8. Competition Crusher
A tweak in Google's algorithm can send online businesses reeling from a significant drop in Web traffic. This is part of the reason the European Commission is looking into Google's search practices following antitrust complaints from sites such as price-comparison service Foundem and French law-related search tool eJustice. Microsoft's tactics, in its heyday, were far more aggressive: For example, the software giant was accused by RealNetworks of pressuring PC makers not to install RealNetworks software on Windows PCs by default. And IBM said Microsoft pressured manufacturers not to offer computers running IBM's OS/2 system.
9. Me-Too Products
Despite each company's dominance, both Microsoft and Google have tried to insert themselves into business areas that have never quite worked out for them. After TiVo was introduced, Microsoft attempted to break into the DVR market with its own version called Ultimate TV. Microsoft's Virtual Earth mapping program followed Google Earth, and the Zune MP3 player followed Apple's iPod.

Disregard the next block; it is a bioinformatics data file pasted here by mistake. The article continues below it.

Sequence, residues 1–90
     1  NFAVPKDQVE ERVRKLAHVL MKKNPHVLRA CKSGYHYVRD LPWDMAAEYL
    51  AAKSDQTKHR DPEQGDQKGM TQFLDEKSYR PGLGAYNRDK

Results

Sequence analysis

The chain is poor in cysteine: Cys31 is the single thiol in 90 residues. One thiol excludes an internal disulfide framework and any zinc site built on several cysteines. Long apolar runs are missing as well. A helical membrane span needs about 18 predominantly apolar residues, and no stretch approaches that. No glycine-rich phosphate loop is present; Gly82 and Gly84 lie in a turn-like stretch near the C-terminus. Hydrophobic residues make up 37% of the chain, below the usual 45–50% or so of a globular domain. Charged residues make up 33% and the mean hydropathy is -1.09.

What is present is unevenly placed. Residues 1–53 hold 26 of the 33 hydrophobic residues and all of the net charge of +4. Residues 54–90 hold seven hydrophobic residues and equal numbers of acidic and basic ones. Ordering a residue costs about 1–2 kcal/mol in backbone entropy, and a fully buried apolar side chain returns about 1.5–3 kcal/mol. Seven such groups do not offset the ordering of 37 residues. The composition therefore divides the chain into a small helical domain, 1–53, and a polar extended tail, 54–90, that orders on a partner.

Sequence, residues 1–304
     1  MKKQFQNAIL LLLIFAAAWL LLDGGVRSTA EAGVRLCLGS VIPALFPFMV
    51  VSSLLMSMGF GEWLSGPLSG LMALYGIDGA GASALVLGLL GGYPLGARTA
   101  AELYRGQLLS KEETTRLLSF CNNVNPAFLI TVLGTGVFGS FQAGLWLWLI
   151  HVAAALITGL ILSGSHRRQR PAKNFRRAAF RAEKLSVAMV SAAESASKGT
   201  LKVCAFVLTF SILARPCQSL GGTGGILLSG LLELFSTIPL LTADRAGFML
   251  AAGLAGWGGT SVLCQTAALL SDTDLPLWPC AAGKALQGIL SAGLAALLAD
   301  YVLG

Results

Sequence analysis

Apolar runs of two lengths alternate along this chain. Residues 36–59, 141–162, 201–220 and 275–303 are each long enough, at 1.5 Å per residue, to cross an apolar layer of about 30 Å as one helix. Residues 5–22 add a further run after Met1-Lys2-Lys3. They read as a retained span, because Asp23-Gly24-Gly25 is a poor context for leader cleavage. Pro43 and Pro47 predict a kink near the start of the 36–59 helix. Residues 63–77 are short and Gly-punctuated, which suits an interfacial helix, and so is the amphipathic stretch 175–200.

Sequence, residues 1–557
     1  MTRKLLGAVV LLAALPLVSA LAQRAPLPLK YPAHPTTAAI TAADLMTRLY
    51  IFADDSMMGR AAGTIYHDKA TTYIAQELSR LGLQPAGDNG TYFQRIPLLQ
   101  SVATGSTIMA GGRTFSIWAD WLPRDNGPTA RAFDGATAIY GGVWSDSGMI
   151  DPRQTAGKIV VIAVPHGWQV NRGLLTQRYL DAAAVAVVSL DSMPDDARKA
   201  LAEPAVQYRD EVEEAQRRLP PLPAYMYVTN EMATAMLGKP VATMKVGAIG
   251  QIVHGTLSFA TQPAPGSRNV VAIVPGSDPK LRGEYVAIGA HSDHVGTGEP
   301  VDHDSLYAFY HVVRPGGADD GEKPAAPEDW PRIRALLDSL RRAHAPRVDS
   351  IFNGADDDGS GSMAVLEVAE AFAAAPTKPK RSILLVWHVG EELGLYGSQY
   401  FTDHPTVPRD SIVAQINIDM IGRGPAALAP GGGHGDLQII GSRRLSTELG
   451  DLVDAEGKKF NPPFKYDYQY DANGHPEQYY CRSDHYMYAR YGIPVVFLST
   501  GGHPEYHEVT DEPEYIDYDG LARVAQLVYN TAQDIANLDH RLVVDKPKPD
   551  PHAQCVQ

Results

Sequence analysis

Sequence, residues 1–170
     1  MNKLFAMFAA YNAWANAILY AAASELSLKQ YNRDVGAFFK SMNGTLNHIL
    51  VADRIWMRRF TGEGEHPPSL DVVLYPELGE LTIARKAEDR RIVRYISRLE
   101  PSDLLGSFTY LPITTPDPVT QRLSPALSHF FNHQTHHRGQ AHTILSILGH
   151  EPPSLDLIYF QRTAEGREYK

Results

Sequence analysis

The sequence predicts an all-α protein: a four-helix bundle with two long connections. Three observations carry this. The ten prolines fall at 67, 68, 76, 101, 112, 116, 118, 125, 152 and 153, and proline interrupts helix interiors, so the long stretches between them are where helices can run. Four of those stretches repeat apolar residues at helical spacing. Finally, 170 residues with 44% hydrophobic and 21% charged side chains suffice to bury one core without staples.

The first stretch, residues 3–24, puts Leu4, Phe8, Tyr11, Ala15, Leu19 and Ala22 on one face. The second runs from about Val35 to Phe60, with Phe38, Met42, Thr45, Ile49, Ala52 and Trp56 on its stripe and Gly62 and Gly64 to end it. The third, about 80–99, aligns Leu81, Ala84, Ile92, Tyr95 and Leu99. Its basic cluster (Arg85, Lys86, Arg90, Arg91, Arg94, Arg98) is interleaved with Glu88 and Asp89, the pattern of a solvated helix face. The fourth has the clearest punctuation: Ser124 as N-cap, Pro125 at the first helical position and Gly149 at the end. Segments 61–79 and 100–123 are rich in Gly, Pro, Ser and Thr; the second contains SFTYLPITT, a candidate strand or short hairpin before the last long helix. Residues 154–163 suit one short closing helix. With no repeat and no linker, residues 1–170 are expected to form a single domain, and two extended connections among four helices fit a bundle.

Google, meanwhile, has been desperate to get into the social networking game, with products such as Orkut and Google Buzz. Both have managed to grab only a niche audience. Whether it can compete against Apple's Apple TV or Roku's set-top box with its own Google TV remains to be seen.
10. Brain Drain
Once upon a time, every software engineer wanted a job at Microsoft. It was the "it" place to work, thanks to the company's healthy compensation packages and exciting projects. Google eventually overtook Microsoft as a desirable place to work, offering perks such as free laundry rooms, dry cleaning, snacks galore, recreation rooms, bouncy balls for work stations instead of chairs, and the much-ballyhooed 20 percent time for working on experimental projects.
(See: "Visual Tour: Visiting the Googleplex")
Change is in the air now, though, and Google is steadily losing employees to the new "it" place to work: Facebook. Google Wave creator Lars Rasumussen and former Google exec turned Facebook COO Sheryl Sandberg are just two high-profile examples of people leaving Google for Facebook. Things have reportedly become so bad that Google is trying to retain its employees with bonuses and pay raises.
The tide appears to be turning in favor of Facebook. And that prompts one question: If Google is the new Microsoft, is Facebook the new Google?